But with such a tight race, Mr Morsi's election is unlikely to end tensions between the institutions forged during the Mubarak era and those of a dawning, new political order. There were concerns Mr Morsi would be a largely impotent president after the military rulers who have controlled Egypt's democratic transition curtailed the executive branch in a constitutional declaration issued just after polls closed on June 17.

Mr Morsi had declared himself the winner a day after elections last week, but uncertainty prevailed for six days because Mr Shafiq refused to concede the race and the election commission said it was still reviewing voting irregularities.

Members of the Muslim Brotherhood and its political arm, the Freedom and Justice Party, were celebrating late into last night but analysts said a bigger battle looms in the weeks and months ahead, in which the revolutionary forces could still be sidelined by members of the old guard.

Before the run-off elections, the democratic transition was upended by a decision from the Supreme Constitutional Court that some of the parliamentary elections were unconstitutional.

The Supreme Council of the Armed Forces (Scaf), the group of top military generals who have controlled Egypt since Mubarak abdicated last year, then dissolved parliament in accordance with the ruling, stripped the executive branch of many of its traditional powers and gave itself full control over a committee that will rewrite the constitution. Critics said the sweeping moves amounted to a "soft coup".

"We are entering another transitional period, rather than the end of one," said Khaled Fahmy, chairman of the history department at the American University in Cairo. "The powers of the president are seriously curtailed. I can easily imagine clashes, or at best a paralysis, because any policies the president or the cabinet draw up must go to Scaf for final approval because they have legislative power."

The Muslim Brotherhood's leadership has responded with a confrontational stance towards Scaf, including mass rallies in Tahrir Square and statements that it would not accept Scaf's new constitutional declaration under any circumstances. Scaf, meanwhile, has said it would not backtrack on its decisions. How that battle is resolved will have huge implications for new-found democracy.

There were questions about whether Mr Morsi would serve a full four years - the traditional presidential term - or would step down after a new constitution is written and voted upon, and a new parliament elected by the beginning of next year.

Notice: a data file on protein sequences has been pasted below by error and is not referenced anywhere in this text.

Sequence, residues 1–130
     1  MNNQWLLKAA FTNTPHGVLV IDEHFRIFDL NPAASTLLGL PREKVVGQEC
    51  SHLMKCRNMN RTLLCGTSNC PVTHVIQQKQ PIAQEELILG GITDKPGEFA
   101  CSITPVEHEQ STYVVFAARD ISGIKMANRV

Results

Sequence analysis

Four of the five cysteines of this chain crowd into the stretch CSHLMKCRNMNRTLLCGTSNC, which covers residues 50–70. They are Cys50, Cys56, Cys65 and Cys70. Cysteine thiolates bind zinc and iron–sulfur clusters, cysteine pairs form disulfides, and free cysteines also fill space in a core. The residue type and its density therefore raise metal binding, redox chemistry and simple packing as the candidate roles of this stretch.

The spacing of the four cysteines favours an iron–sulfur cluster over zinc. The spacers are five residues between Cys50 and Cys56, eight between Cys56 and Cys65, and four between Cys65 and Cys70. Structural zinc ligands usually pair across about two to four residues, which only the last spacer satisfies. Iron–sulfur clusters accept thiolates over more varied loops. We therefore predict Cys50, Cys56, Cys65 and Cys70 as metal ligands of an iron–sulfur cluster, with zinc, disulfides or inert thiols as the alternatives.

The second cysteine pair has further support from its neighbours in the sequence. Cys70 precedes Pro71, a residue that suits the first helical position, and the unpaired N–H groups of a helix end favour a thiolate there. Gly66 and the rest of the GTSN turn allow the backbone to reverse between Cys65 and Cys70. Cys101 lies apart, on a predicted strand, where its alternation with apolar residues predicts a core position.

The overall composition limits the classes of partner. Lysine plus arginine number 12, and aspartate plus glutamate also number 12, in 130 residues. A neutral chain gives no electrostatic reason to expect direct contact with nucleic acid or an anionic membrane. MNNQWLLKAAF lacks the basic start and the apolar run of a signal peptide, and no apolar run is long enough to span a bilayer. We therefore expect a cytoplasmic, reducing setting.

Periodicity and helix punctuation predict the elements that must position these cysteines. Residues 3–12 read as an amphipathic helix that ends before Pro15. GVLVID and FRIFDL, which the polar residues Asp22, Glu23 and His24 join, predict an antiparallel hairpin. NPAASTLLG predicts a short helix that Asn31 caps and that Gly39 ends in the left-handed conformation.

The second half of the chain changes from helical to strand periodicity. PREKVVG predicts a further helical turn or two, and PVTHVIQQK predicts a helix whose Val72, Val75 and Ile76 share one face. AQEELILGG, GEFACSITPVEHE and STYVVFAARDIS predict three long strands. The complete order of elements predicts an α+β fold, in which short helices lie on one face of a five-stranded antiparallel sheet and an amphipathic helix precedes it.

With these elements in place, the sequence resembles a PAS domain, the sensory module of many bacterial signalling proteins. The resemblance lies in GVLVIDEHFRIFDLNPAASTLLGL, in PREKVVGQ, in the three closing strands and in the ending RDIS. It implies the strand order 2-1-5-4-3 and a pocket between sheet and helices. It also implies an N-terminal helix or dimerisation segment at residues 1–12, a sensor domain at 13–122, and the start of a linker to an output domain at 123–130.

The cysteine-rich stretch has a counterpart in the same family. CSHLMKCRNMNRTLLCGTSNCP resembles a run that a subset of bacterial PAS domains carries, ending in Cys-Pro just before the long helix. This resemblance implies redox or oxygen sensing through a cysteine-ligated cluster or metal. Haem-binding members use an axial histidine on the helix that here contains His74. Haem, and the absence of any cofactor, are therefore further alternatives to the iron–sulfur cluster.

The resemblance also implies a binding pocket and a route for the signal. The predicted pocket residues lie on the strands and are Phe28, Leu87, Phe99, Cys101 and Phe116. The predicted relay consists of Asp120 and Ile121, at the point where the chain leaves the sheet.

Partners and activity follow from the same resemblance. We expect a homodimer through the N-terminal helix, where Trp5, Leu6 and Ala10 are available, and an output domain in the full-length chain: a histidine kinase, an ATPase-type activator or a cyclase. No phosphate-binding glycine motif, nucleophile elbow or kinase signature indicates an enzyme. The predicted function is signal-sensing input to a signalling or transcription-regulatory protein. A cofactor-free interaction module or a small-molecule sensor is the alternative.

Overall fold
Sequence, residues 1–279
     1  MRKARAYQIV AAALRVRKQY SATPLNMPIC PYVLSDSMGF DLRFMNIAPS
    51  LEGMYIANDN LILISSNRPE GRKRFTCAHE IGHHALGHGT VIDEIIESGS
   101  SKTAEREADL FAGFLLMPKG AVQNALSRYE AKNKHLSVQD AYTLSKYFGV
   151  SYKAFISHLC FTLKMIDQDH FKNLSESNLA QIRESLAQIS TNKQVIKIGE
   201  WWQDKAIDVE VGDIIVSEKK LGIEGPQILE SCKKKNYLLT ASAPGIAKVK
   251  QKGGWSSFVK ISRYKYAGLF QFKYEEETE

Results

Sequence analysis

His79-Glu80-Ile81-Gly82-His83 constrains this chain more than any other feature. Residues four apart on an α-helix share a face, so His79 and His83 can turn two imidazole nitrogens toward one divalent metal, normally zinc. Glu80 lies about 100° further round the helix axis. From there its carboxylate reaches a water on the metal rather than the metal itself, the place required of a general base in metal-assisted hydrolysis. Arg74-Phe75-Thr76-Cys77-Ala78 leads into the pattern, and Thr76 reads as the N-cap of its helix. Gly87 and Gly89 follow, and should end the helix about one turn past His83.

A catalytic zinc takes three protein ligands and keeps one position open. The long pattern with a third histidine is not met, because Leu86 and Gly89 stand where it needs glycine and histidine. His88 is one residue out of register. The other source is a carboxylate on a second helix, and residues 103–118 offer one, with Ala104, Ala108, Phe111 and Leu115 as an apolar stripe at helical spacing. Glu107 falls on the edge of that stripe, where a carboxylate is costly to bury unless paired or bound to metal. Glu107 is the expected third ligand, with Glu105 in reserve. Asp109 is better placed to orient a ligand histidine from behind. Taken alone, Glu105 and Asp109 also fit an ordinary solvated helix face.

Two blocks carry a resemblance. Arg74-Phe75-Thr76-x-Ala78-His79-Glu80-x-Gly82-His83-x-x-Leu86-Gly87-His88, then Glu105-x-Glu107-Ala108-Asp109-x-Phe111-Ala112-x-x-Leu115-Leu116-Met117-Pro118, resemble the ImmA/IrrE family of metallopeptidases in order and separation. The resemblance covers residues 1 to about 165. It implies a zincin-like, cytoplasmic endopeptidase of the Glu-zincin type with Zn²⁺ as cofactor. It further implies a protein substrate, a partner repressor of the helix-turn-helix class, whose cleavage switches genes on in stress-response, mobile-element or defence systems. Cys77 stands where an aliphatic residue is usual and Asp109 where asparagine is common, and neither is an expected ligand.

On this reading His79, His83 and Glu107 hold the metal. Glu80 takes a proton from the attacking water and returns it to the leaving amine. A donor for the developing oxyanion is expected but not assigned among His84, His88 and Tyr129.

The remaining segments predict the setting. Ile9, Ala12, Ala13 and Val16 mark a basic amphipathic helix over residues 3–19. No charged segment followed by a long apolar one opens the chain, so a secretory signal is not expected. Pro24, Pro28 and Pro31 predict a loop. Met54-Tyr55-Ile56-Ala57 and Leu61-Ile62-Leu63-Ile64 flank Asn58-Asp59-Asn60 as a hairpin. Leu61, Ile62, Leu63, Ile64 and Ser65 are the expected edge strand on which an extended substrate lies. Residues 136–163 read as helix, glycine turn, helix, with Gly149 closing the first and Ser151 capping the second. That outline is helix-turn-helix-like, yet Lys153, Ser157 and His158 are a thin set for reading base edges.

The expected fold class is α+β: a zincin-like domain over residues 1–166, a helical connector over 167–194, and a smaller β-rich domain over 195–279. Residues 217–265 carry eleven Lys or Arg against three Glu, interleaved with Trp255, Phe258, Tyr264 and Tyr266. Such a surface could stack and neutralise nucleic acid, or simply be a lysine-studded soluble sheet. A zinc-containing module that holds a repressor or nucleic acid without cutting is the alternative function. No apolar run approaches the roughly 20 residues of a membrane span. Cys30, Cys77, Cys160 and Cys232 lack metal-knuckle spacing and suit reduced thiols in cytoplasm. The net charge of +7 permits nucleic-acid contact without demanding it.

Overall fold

Mona Makram-Ebeid, a member of the civilian advisory council to Scaf, told The National last week that she believed Mr Morsi would be only an interim president until new elections for parliament are held and a constitution confirmed.

But there was little doubt yesterday that the Muslim Brotherhood had experienced a transformative moment in its 84-year history.

Founded by a schoolteacher as a community organisation that promoted the tenets of Islam and provided cheap health care and education, it has grown into a hugely influential organisation with offshoots around the world and the financial might to make a difference.

Mr Morsi campaigned on the Muslim Brotherhood's "renaissance" project, which envisions a more just distribution of wealth through encouraging small and medium-sized business, and increasing investments in health care and education.

His platform also contains greater emphasis on Islamic principles, including an increasing use of Islamic financing and the creation of a centralised zakat fund for alleviating poverty and improving education. The Muslim Brotherhood has denied it has any plans to impose religion on citizens, though many of the supporters of Mr Shafiq feared that the country would become more repressive under Mr Morsi's rule.

For the cheering Egyptians in Tahrir Square, however, the tense days ahead were easily ignored for a few moments amid the celebratory mood and firecrackers popping.

"It's indescribable," said Mohammed Mohammed Hadary, 48, a maths teacher from Damietta. "The people determined their own destiny and nothing is above the people … but it's going to be a long journey and I'm worried there will be violence."


* With additional reporting by foreign correspondents Hugh Naylor, Omar Karmi and Megan Detrie